Heather Choate Davis

  • We fluff them and fold them and nudge them and enhance them and bind them and break them and embellish them beyond measure; then, as we drive them up to the college interviews that they’ve heard since birth are the gateway to the lives they were destined to lead based on nothing more than our own need for it to be true, we tell them, with a smile so tight it would crack nuts, “Just be yourself

    Heather Choate Davis
  • Our own egos are so fragile we cannot bear to give our lives to the raising of children only to have them become ordinary people. There, I said it. The worst thing a 21st-century child of interesting parents could be: ordinary. Like us

    Heather Choate Davis
  • I can’t hear God’s voice for my kids, but I can watch and listen and pray and adjust and try not to screw up whatever He has planned for their lives. And although I can’t make them listen to God, or even want to, I can plant enough seeds to swing the world in their favor. That said, as I navigate my day surrounded by the parents of gifted children (did you notice there aren’t any average kids anymore—only Gifted and Disposable), here’s where I get confused: if a person believes in gifts but not in God, then where—as they stand in daily admiration of their child’s emergent uniqueness, their heart swelling with pride and joy and, yes, gratitude —where, then, do they send the thank-you note?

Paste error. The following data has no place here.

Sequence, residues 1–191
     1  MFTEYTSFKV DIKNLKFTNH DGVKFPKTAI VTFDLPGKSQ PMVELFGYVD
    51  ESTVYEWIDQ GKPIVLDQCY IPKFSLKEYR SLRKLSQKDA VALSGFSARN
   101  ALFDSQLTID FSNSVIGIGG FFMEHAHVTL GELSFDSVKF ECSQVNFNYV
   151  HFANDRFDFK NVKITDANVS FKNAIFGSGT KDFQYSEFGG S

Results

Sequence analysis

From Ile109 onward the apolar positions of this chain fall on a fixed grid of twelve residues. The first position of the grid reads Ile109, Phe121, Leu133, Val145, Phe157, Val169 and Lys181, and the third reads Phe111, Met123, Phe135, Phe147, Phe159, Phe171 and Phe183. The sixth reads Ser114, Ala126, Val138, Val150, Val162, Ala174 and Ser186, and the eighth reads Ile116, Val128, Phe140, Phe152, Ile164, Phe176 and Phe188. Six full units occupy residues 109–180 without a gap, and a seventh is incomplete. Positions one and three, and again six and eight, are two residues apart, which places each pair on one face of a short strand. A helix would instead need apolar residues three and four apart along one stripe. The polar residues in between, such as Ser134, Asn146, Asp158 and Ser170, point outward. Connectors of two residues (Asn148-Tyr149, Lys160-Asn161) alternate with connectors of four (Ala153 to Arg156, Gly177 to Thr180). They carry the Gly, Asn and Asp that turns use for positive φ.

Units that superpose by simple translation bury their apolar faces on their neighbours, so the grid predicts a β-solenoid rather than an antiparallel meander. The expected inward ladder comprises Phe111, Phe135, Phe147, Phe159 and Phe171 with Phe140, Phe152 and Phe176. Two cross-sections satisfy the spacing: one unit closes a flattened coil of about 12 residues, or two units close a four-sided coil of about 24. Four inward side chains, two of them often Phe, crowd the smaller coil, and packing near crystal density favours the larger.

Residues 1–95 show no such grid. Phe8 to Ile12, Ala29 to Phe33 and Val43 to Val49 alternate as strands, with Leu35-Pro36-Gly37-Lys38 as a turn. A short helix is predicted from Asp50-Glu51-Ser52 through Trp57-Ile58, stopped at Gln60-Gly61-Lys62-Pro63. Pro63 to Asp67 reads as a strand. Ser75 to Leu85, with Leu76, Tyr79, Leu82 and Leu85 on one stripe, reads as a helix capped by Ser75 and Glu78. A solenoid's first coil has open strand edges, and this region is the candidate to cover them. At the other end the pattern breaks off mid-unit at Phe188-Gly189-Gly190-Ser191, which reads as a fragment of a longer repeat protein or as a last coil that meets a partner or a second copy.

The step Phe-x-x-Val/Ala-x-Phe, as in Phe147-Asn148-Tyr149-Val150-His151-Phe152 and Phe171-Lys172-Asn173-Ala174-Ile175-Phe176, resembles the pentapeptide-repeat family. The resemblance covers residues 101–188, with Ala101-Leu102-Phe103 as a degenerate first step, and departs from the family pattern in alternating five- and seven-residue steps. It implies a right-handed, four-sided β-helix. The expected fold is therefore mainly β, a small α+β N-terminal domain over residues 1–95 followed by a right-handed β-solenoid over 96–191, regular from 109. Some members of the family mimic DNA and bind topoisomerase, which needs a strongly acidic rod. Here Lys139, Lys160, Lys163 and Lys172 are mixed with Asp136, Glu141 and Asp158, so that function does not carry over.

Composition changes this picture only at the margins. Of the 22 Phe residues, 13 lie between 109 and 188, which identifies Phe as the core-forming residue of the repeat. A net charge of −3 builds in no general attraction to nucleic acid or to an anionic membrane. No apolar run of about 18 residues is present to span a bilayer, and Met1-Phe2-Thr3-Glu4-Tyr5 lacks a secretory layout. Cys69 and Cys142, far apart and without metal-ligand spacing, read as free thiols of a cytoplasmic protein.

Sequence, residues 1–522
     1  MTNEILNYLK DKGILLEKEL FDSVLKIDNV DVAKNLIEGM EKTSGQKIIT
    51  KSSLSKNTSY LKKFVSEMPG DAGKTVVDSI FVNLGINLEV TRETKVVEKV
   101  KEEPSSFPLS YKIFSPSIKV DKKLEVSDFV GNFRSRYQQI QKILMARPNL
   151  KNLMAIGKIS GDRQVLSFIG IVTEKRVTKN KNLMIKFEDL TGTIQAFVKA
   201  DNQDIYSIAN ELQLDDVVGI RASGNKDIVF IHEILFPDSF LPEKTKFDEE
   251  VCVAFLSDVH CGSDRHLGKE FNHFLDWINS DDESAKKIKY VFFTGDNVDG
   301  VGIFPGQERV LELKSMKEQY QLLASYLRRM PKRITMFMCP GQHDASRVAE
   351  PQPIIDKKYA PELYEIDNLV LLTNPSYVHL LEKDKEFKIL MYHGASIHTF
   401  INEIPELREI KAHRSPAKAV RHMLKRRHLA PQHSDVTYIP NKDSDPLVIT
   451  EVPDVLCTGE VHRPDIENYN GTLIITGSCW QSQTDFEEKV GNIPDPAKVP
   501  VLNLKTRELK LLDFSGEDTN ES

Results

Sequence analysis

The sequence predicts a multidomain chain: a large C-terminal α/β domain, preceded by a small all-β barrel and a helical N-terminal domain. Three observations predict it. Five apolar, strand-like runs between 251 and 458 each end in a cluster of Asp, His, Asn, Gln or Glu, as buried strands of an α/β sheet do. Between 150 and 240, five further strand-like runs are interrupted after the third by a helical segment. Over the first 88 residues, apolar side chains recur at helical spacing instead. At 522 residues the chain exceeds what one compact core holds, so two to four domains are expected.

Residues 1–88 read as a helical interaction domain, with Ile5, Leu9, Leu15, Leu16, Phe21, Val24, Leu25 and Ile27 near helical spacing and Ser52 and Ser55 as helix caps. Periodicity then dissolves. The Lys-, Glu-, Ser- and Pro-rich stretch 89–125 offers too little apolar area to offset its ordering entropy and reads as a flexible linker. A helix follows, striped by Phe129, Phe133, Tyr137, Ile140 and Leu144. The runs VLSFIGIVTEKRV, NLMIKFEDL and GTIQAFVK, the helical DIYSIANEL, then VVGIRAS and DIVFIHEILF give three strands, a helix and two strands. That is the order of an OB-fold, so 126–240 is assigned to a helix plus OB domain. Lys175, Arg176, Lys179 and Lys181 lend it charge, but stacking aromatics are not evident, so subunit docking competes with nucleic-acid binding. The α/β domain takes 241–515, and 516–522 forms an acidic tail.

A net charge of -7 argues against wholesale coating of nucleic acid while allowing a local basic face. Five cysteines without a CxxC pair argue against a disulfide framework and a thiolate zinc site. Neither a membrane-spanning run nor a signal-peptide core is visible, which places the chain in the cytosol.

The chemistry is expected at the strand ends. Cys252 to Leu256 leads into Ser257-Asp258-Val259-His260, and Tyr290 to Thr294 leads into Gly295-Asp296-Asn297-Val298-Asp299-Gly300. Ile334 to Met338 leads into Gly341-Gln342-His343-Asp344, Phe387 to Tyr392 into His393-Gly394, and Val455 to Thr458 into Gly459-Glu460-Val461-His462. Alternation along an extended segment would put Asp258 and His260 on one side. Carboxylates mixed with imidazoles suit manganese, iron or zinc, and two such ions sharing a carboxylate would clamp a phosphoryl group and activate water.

Heather Choate Davis
  • America is a young country, young and brash and prone to errors. Like teenagers. For all our inherent goodness, we’ve been cursed with bright, shiny object disease and we don’t want a cure. Not now. Not till we get our little taste, till our kids get theirs

    Heather Choate Davis
  • When God says hold up, wait, pray, it’s not your time yet, our entire bodies rebel, legs kicking and flailing like some overturned dung beetle certain that if we try hard enough we might be able to gain a little traction on our own

    Heather Choate Davis
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